Infrastructure DAS


Our library, specialized in Astronomy and Astrophysics, was founded in the mid-1800s when President Manuel Montt became interested in buying U.S. instruments and buildings for the construction of a National Observatory for the Republic of Chile. Along with these instruments, the first books from our collection were acquired. With time, the collection grew thanks to donations, exchanges and permanent acquisitions. It became a service whose main mission was to support research and teaching, especially since 1965 when the National Astronomical Observatory became part of the Department of Astronomy of the Faculty of Physical Sciences and Mathematics of the Universidad de Chile.

Our entire collection of books, theses and journals is available in the Database Library (Bello Catalogue), Universidad de Chile. Our library holds the Montt collection (colección Montt), which includes over a thousand ancient books published between 1700 and 1800, along with a modern collection comprising around 6,000 titles, mostly related to astronomy and astrophysics. We also own books related to the area of mathematics and physics.

Notably, the library possesses:

• 80 journals titles (26 of which are active).

• Publications from observatories and astronomical institutions.

• 12 journals subscribed online.

• ebooks Database.
     • Springer Link.
       Access to over 29,000 ebooks from the year 2005 to date. Subject coverage: engeneering, chemistry, physics, materials, astronomy, business, environment, computer science and others.
     • Science Direct
       Over 2,600 ebooks between 2008 and 2012 divided into 24 subject areas such as chemistry, computer science, earth sciences, energy, ate, math materials physics, astronomy, biotechnology, environment, economics and business.

Bibliographic novelties

Month of June-July 2013
Month of April-May 2013
Month of January-March 2013
Month of November-Dicember 2012
Month of September-Octobre 2012
Month of August 2012
Month of July 2012

Our office hours are Monday to Friday from 14:30 to 18:30 hours.

To contact our library to write an email to or phone 2977 1146..

The Milimeter-wave laboratory

In the Laboratory of Millimeter Waves is designed, built and tested receivers for radio astronomy use. It consists of a multidisciplinary team of astronomers, engineers, technicians and graduate students, along with the Department of Electrical Engineering (DIE) of the Universidad de Chile.

The laboratory is currently involved in several projects related to millimeter wave receivers, including ASTE, NANTEN2 and ALMA observatories in collaboration with countries in Europe, North America and Japan. It also has a small radio telescope for use in teaching and technological development testing.

GOTO Telescope

Since 2002, thanks to a donation from the Japanese people, the Department of Astronomy at the Universidad de Chile has a modern 45cm Cassegrain telescope, brand Goto, which allows astronomical observations, images and spectroscopy. Its main use is to train undergraduate and graduate students in astronomy, in handling telescopes and instruments with characteristics similar to those used in the large observatories of northern Chile.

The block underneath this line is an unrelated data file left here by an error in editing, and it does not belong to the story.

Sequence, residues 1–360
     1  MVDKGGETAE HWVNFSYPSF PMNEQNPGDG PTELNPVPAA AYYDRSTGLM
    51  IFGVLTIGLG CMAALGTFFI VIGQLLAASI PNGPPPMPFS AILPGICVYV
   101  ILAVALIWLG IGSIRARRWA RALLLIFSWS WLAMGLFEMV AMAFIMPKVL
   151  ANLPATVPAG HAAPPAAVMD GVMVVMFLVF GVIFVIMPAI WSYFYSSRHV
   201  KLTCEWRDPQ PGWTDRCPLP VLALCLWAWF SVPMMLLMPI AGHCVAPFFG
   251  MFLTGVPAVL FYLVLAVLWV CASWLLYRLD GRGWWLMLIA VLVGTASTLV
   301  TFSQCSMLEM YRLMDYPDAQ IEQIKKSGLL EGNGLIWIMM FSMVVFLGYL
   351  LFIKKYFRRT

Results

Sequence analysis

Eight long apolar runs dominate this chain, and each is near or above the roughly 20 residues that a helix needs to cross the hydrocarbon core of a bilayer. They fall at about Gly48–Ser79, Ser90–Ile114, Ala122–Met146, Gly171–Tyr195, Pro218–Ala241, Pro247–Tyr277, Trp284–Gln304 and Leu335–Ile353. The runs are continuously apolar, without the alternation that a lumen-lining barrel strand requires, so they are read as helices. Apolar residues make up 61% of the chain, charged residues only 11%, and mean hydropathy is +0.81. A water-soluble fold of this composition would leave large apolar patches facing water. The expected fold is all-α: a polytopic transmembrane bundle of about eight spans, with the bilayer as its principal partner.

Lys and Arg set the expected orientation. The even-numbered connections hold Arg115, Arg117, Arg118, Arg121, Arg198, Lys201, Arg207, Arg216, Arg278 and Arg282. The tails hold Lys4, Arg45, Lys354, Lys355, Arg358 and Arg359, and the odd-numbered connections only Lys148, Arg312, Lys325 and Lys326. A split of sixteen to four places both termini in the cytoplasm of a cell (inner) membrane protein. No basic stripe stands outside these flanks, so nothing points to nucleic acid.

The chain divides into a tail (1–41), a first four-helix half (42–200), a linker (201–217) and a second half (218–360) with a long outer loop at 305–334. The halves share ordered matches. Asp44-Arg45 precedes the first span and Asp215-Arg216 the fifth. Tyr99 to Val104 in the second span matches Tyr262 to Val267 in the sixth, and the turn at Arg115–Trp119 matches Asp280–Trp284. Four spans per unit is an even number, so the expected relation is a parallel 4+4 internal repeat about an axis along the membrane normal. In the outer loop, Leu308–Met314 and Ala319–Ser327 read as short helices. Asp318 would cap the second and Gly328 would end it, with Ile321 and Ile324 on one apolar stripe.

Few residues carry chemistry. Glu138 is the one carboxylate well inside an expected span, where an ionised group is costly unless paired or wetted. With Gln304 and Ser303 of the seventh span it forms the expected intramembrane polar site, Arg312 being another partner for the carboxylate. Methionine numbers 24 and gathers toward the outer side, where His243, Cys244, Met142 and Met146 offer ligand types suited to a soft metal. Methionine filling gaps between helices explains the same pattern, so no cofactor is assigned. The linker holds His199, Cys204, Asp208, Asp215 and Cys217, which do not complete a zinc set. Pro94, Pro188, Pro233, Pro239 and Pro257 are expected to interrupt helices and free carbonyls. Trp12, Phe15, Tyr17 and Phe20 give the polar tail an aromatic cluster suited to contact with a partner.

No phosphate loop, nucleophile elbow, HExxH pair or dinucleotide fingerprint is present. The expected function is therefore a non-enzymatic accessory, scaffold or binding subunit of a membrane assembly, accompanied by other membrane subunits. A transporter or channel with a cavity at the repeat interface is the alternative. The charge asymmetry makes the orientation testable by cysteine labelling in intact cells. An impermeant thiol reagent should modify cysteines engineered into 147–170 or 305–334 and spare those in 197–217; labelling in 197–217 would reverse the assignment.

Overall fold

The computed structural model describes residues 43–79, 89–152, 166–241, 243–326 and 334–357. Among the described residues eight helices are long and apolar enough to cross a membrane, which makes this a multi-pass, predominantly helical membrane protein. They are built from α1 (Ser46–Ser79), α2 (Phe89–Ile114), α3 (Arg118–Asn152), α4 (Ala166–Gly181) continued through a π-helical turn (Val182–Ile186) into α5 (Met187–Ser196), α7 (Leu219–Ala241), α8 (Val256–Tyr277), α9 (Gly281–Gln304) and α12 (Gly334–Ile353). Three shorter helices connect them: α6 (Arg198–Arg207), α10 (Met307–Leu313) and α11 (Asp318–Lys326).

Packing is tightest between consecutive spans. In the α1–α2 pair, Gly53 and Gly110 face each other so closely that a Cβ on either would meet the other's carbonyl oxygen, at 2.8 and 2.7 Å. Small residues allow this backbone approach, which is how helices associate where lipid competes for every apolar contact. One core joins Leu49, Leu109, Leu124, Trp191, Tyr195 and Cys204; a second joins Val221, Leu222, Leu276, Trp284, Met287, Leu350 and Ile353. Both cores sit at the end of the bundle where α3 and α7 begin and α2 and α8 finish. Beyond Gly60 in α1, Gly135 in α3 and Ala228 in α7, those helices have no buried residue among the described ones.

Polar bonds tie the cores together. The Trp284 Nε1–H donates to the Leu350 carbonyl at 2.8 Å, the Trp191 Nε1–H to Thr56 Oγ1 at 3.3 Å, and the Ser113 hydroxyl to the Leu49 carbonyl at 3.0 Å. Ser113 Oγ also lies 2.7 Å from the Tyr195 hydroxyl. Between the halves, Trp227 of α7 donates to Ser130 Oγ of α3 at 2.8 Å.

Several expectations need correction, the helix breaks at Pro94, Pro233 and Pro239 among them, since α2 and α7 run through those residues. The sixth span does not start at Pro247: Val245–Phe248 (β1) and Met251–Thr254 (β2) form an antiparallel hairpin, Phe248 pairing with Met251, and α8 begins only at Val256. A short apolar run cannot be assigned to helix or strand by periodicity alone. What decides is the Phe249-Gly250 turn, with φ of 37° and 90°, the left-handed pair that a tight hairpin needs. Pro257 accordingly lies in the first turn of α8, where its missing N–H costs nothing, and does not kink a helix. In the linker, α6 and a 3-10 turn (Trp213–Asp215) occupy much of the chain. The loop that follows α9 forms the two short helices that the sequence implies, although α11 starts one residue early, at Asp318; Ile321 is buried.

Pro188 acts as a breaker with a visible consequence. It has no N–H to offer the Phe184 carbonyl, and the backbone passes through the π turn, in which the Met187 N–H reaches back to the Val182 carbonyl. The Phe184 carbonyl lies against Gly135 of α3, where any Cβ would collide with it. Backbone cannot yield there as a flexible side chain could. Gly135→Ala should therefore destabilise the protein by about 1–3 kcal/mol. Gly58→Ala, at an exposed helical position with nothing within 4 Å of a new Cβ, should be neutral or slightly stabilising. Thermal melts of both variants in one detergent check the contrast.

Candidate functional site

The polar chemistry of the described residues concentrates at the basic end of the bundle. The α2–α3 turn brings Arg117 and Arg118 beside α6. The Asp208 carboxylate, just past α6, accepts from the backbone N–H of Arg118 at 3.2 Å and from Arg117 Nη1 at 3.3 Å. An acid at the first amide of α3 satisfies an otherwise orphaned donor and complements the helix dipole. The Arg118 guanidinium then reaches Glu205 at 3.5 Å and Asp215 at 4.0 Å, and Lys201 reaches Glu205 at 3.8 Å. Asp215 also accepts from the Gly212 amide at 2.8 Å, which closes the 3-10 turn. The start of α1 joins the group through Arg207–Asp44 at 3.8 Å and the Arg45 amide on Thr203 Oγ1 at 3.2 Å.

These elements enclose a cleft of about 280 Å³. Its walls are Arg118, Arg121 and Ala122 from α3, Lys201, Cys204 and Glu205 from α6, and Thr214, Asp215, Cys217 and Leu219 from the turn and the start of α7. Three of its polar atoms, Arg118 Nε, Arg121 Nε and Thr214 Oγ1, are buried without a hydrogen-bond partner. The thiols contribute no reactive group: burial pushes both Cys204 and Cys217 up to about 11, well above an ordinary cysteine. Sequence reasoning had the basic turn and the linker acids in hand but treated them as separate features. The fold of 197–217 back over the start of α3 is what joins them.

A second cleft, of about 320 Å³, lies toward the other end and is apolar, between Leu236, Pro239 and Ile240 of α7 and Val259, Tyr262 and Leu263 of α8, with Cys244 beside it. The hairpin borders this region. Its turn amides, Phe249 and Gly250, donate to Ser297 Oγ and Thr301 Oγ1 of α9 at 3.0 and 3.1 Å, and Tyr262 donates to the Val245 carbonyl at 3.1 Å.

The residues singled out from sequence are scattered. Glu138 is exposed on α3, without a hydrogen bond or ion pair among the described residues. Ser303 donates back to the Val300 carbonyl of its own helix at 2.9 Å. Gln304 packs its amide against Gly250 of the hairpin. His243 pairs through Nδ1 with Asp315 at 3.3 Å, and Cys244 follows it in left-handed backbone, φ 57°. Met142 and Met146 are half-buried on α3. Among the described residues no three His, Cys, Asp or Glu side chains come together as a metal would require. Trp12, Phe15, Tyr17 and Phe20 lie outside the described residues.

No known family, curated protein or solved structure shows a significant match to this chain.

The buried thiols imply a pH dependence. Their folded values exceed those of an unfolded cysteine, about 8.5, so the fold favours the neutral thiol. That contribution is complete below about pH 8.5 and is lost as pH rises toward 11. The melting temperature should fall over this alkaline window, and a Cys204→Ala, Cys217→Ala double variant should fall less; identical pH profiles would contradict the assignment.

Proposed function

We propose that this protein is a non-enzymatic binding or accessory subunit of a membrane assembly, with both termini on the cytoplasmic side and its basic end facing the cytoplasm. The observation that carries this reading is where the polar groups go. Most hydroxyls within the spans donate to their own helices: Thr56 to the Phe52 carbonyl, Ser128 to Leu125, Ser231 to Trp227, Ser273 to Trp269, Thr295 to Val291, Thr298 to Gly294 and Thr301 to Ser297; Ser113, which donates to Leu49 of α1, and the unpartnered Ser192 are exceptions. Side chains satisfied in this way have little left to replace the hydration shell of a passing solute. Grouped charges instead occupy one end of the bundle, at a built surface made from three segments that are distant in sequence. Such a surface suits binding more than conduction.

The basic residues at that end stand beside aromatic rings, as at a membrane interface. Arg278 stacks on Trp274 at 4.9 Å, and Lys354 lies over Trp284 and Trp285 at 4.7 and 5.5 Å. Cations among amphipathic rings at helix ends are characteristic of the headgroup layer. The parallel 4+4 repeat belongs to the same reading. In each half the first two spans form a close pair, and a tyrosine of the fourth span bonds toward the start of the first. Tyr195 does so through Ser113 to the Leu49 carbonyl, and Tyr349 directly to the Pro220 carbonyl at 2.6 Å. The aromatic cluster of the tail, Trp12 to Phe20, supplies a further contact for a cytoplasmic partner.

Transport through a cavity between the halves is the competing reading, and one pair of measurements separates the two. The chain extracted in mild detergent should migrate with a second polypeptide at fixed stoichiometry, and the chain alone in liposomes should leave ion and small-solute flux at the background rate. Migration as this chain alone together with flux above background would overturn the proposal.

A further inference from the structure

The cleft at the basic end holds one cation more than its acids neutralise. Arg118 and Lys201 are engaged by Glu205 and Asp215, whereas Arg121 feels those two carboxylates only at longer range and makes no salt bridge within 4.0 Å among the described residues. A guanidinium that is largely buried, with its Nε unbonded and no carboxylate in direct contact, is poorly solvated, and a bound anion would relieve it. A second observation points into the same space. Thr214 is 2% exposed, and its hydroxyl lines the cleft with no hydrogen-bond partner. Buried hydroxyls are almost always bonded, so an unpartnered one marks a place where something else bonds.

Solar Telescope

The Coronado SolarMax90 telescope, allows observation of the Sun and its spots thanks to its working bandwith and specially designed filters. This instrument is used in the Daytime visits program, which are exclusive for schools, giving attendees the opportunity to make observations with a telescope.

Millimeter Telescope

It is a telescope with a small radio area, whose objective is to observe large areas of the sky in reasonable periods (a few years). The device initially operated at Cerro Tololo Observatory through a partnership with Columbia University, and was moved to Cerro Calán between 2009 and 2010.

The current scientific use of the radio telescope includes two major themes: the study of the densest regions of molecular clouds where stars form, and the making of a complete map of carbon monoxide (CO) in the Southern Hemisphere, complementing the one of the Northern Hemisphere already underway at the Center for Astrophysics at Harvard University with a similar telescope.

Mechanic shop

The machine shop comprises the high precision (1 um in positioning) CNC machine (Computer Numerically Controlled Drilling and Milling Machine), High precision (1 um in positioning), a turning machine, the measuring microscopes (1 um precision and 40x magnification), with which optical and microwave components are manufactured. In addition, micro-assembly facilities (hot plate, precision weighting scale, soldering station and stereo microscopes).

Heyde Telescope

This german refractor telescope has a 28cm lens, and is part of the National Astronomical Observatory (NAO) since 1913. During the first half of the twentieth century, the Heyde telescope observed variable stars and measured their parallax, and the diameter of Jupiter. Although not in operation for 50 years, it is in excellent condition and its main use today is in outreach.

Gautier Telescope

This french photographic refractor came to Chile in 1893 to contribute to the first photographic chart of the sky and remained operational for more than 90 years. With it, over a thousand photographic plates of stars, planets and supernovas were obtained.

Maksutov Telescope

The Department maintains a Maksutov telescope of Russian origin at Cerro El Roble. This telescope was especially optimized for wide field astrophotography, usually more than two by two degrees. For example, the Maksutov astrograph could photograph five degrees by five degrees on a 18 x 18 cm photographic plate. Cerro Tololo’s Schmidt camera could photograph five degrees by five degrees on a plate 73/4 by 73/4 inches (19.7 x 19.7 cm).